Gold jumped above $2,000 an ounce for the first time in more than 18 months, while copper and palladium hit all-time highs. Nickel spiked as much as 20%, while wheat slammed the daily upward limit for the sixth day in a row. Commodities already notched up a record-breaking week through to March 4, when prices of everything from energy to metals and farm products jumped 13% to a fresh record, according to the Bloomberg Commodity Spot Index.

Uniqlo Owner Pledges to Stay in Russia (8:25 a.m.)

Fast Retailing Co., Asia’s largest retailer, said all 50 of its Uniqlo stores will continue to operate in Russia. “Clothing is a necessity of life. The people of Russia have the same right to live as we do,” Chief Executive Officer Tadashi Yanai said.

His remarks run counter to moves by some of the world’s biggest brands to exit or suspend operations in Russia. Japanese carmakers Toyota Motor Corp. and Honda Motor Co. said they’re halting vehicle shipments to Russia, but Japan Tobacco Inc. continues to operate and says it is “fully committed” to complying with national and international sanctions.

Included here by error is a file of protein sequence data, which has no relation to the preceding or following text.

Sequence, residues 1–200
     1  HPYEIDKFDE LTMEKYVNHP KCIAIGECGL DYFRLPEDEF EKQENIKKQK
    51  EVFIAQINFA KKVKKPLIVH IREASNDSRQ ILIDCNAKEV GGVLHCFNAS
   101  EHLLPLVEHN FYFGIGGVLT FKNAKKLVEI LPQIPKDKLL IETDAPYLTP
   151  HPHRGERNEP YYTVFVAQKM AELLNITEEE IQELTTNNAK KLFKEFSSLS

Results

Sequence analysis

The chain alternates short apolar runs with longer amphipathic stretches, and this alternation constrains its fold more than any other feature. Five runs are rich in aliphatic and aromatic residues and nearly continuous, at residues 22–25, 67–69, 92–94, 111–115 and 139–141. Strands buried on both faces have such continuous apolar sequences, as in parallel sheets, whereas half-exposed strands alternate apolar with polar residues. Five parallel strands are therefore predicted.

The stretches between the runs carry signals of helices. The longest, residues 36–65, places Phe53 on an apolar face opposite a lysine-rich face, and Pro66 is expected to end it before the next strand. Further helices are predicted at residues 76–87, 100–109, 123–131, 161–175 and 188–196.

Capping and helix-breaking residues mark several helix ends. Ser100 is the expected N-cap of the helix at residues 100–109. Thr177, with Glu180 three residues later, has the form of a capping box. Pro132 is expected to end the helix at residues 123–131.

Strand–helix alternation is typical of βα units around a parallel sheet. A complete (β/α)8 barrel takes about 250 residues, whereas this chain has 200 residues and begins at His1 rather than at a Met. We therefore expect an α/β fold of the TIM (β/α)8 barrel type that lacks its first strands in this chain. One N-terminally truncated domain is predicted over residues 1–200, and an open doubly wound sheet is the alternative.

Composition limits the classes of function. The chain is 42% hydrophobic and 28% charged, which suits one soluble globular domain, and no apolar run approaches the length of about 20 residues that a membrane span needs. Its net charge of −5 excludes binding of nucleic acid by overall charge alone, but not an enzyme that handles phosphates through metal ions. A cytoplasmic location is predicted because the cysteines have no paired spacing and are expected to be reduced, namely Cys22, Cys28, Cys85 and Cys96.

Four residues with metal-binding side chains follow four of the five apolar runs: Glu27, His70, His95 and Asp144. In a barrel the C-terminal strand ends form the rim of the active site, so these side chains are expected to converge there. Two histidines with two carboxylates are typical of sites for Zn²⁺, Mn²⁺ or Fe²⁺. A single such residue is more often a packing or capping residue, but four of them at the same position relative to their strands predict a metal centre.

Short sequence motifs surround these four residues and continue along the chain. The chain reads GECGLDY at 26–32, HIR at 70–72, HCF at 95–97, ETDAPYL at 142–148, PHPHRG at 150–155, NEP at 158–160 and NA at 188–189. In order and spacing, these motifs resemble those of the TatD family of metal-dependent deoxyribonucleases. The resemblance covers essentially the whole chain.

Stocks, Futures Sink as Oil Soars (8:25 a.m.)

European and U.S. equity futures slumped amid fears of an inflation shock in the world economy as crude oil soared on the prospect of a ban on Russian supplies. March contracts for the Nasdaq 100 slid as much as 2.3% before paring losses. S&P 500 futures were down 1.2% while Euro Stoxx 50 futures dropped 2.8%. The euro sank for a sixth straight day.